Some diseases are caused by the lack of certain parts of a protein sequence. Sequence alignment
can help to identify those regions

and t
he lack may be compensated

by injecting the missing
sequence into the protein. Sequence alignment has al
so been useful for analyzing protein
structure. Protein molecules that are alike in sequence are also more likely to have similar
structures, as many of the same bonds will form.

In addition, s
imilar

protein sequences have been
used

to determine

protein structure
-
function relationships [1].

2.

Global and Local Alignments

Global and local alignments are two different methods of aligning a sequence. Deciding which
method to choose depends on the purpose of the alignment.
Global alignments attempt to
c
ompare every residue of every sequence and are best employed when the sequences are similar
and are of the same size
, because different sized sequences will produce mismatches at the ends
of an alignment
. However, when attempting to align every element of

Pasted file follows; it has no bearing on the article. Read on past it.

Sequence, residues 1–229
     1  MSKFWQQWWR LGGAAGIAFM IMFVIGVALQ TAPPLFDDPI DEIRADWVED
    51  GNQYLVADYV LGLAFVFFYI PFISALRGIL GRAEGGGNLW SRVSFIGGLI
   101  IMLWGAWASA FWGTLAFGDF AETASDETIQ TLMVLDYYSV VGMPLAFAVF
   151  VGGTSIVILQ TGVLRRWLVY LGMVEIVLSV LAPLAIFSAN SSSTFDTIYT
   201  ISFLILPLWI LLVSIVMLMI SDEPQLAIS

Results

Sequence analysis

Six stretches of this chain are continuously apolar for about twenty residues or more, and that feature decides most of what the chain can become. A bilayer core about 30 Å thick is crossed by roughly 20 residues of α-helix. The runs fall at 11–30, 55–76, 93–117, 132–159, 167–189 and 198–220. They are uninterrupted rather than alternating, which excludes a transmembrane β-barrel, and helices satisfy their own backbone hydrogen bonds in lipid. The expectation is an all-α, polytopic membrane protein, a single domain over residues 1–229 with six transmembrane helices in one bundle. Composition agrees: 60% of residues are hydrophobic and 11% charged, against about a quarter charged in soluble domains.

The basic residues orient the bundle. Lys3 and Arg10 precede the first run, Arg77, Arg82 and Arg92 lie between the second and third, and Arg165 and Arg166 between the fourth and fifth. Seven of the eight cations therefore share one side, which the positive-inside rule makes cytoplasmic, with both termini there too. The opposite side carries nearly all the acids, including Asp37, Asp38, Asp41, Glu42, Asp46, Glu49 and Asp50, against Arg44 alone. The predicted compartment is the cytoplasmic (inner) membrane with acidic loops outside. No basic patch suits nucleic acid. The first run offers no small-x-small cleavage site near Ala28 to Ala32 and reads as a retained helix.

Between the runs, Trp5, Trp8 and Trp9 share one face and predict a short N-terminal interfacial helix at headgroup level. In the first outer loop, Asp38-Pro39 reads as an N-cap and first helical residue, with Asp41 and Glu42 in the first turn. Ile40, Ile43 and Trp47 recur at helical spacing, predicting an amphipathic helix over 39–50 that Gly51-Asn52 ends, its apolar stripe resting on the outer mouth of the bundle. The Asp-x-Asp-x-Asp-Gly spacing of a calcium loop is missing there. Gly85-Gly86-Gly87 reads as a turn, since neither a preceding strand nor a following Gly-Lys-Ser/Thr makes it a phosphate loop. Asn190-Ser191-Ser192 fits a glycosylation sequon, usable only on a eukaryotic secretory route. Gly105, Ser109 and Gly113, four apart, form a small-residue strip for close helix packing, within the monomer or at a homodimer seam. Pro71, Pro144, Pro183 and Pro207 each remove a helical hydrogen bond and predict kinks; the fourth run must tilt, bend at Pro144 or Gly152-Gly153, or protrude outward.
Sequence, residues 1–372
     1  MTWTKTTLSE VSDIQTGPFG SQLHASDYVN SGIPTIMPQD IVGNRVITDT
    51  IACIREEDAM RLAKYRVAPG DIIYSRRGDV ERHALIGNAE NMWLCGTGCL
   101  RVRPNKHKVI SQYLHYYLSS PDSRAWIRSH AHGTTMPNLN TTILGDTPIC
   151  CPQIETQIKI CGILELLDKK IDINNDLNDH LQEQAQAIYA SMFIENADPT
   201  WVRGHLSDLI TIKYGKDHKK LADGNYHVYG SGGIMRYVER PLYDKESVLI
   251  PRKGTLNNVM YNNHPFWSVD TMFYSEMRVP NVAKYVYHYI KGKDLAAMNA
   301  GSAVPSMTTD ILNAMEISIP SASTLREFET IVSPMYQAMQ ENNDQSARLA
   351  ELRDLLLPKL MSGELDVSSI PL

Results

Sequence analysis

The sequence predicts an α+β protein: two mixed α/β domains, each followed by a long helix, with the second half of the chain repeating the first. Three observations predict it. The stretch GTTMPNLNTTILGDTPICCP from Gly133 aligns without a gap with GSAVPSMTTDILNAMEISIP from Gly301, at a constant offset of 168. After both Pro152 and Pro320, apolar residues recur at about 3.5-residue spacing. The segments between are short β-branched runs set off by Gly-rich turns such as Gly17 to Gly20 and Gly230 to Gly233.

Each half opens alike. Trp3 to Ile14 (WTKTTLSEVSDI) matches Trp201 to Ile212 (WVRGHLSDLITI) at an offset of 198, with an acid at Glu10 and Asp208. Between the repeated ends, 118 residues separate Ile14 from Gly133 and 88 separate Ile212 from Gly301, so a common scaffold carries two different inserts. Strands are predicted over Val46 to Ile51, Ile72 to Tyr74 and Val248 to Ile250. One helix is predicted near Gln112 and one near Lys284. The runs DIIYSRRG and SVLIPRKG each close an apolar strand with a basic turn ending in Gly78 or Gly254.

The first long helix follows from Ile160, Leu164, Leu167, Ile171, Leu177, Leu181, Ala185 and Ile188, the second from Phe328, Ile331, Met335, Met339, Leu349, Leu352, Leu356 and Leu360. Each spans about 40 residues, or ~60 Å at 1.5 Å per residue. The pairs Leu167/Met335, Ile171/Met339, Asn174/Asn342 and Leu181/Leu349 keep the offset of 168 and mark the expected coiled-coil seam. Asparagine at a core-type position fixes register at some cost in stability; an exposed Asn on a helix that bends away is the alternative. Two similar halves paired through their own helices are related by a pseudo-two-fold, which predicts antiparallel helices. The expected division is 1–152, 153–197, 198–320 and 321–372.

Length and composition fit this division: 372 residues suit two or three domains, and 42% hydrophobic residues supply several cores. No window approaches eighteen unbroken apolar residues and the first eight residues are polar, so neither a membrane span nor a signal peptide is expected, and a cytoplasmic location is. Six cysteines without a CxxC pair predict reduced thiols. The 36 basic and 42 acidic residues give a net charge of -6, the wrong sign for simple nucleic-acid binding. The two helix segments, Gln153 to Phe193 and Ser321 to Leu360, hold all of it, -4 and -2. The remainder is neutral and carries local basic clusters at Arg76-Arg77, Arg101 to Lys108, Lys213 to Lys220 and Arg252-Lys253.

dissimilar sequences many
gaps will be produced because of the many mismatches between the two sequences
, as seen in
figure 1
. When comparing two long sequences, these gaps can become difficult to analyze. Local
alignments are best employed for dissimilar
sequences that may have similar regions

[3]
.

Local
alignments are very useful for finding a particular pattern that exists on both sequences, as that
pattern may also have a similar function. If both sequences are very similar, it should not make a
differe
nce which method is used, because the alignments should produce similar results.

There is
also no difference in time efficiency between the two methods. The most fundamental
global and
local alignment algorithms are based on dynamic programming. The Needle
man
-
Wunsch
algorithm
is
based on dynamic programming and solves the global alignment problem, while the
Smith
-